New fuels get the most publicity. We hear a lot about renewable energy such as wind, biomass, cellulosic ethanol, hydrogen and solar. Solar now includes the so-called CIS thin-film technology, or second-generation CIS technology, that uses copper indium diselenide, eliminating the use of expensive silicon. However, the reality is that it will take a long time for these alternatives to penetrate the market sufficiently to make a significant difference. Alternative energy will also require huge investments, especially in radically new infrastructure. At current rates of return, the economic incentive for the industry to make such investments is low or nonexistent, so we cannot expect the market to stimulate the necessary cash flow. It is going to take government subsidies driven by public pressure; hence my belief renewable energy is a long-term contributor to the solution, not a short-term fix.
I do believe we can achieve much greater efficiency because there is a wide range of technologies available now that can make a huge difference–gasification, carbon capture and sequestration, low-energy appliances, insulation, clean coal technology, mass transportation, engine design, high-performance fuels and so on. In fact, we have already seen some amazing mileage records. Admittedly, the 10,000 miles per gallon of gasoline at the 2003 Shell Eco-marathon was something of a gimmick because of the type of vehicle and the racetrack. But the recent round-the-world record set by two Australians at 62.7 mpg was definitely the real thing. The couple drove a standard-production Volkswagen Golf 18,000 miles across 25 countries in every extreme of temperature, climate and terrain in 78 days using only 287 gallons of Shell diesel fuel.
Shell Canada constantly seeks to improve the energy efficiency of our operations. For example, in a warm-water loop at our Sarnia refinery, we extract heat from water already circulating in various parts of the refinery. This design recovers enough energy to light almost four million 100-watt light bulbs continuously for 12 days and reduces projected greenhouse-gas emissions by 10,000 tonnes.
We are working on a project to capture CO¸ from our oilsands production and sequester it in aging oilfields. Not only can this technology enhance oil recovery, but it can also help significantly reduce greenhouse gases. Although CO¸ capture and sequestration is not new, what is new is technology to capture CO¸ at major plants like Shell's Scotford Upgrader and the concept of a common infrastructure that would enable other companies to join the project and sequester their CO¸ emissions. This is a bold and exciting project, but I believe only the first step toward a partnership between industry and government to advance recovery and sequestration in Canada.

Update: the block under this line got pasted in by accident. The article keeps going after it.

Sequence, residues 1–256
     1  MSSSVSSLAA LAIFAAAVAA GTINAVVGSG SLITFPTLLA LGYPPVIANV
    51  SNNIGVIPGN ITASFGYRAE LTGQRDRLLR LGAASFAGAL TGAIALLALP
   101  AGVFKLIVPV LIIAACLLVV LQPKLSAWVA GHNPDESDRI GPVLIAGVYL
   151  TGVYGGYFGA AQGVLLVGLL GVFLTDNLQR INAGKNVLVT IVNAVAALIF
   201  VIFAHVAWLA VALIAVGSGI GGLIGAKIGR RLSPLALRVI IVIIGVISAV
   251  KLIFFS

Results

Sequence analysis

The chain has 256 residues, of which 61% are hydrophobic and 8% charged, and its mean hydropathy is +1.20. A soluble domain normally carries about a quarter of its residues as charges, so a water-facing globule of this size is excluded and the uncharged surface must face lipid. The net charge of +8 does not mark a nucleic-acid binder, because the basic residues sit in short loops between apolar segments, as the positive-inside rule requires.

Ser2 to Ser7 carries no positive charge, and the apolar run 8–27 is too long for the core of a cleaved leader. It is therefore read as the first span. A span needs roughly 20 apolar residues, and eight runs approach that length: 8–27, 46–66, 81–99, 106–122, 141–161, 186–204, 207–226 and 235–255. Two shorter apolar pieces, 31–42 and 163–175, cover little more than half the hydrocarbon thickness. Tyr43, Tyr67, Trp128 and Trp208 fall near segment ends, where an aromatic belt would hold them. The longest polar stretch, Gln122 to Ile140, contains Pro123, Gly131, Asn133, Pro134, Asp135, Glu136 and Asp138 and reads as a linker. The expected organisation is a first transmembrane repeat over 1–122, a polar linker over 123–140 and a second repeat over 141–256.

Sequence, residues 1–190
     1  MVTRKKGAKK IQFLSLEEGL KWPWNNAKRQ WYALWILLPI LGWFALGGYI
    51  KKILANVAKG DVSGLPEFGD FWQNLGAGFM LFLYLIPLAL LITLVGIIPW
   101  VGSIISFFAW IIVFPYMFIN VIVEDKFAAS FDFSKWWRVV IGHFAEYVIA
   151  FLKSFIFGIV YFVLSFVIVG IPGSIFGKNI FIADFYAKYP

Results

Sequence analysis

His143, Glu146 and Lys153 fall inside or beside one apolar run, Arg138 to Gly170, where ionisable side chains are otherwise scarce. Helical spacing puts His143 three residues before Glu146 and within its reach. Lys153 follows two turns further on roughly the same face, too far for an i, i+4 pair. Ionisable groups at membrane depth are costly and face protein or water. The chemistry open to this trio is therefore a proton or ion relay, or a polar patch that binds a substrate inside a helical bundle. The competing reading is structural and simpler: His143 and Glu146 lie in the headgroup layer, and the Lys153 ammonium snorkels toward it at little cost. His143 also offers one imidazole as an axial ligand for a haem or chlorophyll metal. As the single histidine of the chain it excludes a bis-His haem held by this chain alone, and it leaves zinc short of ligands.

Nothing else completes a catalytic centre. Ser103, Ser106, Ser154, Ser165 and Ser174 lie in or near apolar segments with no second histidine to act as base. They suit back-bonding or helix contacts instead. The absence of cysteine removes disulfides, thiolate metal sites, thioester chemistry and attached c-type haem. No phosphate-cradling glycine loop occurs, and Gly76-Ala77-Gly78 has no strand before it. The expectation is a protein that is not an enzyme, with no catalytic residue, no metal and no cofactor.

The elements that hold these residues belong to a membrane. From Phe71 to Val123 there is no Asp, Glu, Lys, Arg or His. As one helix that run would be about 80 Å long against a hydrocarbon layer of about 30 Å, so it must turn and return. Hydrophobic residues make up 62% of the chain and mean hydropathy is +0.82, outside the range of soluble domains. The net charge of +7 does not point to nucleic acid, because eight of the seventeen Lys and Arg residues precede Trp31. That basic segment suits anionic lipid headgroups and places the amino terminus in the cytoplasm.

Shell also has a significant stake in the Canadian company Iogen Energy, which is producing ethanol from agricultural residues such as straw. The first pilot plant is already in production in Ottawa, and a commercial-scale facility is being planned. The waste straw itself produces no net carbon and the overall carbon lifecycle emissions are reduced by 90%, giving a healthy boost to the environment.
With the tools and technology that we have commercially available today, we can easily halve the need for transportation fuels. The same goes for heating, lighting and energy conversion–all without sacrificing our lifestyle.
Changing behaviours could add so much more. Consider that the average U.S. citizen consumes about 26 barrels of oil per year compared with 13 barrels per year in western Europe. That staggering difference highlights the possibilities for improvement and the impact of the relative fiscal policies in the two continents. We have to encourage conservation, recycling, video conferencing versus travel (a safer option, too, in light of terrorist threats to air travel), turning the thermostat up or down, sharing cars, using public transportation and so on.
Behavioural changes will take education, awareness and lots of good advice. Above all, they will require leadership–real leadership–at various levels. I'm talking about political, corporate and personal leadership. Politically, we shall need frameworks for tax and other economic incentives to do the right things plus, perhaps, economic consequences for simply maintaining the status quo–a carrot-and-stick approach, if you will. Businesses will have to work with the various levels of government, bringing to the table their technical and technological expertise. Most of all, change will require personal examples and role models–aye, there's the rub–like you and me.
Where are we today? Well, the bad news is that it was as far back as 1965 when the first serious report on climate change landed on the desk of the then U.S. president Johnson. So, not much has happened over the past 40 years.
The good news is that hardly a day passes that climate change or its impact does not feature in the popular media. General awareness of the issue is far higher than it was a generation or even a decade ago. With the current levels of cash, tools and technology at our disposal, it is a good time to take action.
And that brings us back to the tea bag test. Are we up to it? We must treat energy for what it is–a precious resource, capable of being converted into many useful applications–chemicals, medicines and fuels. But, we must consume it carefully with due consideration for its side effects as well as its cost.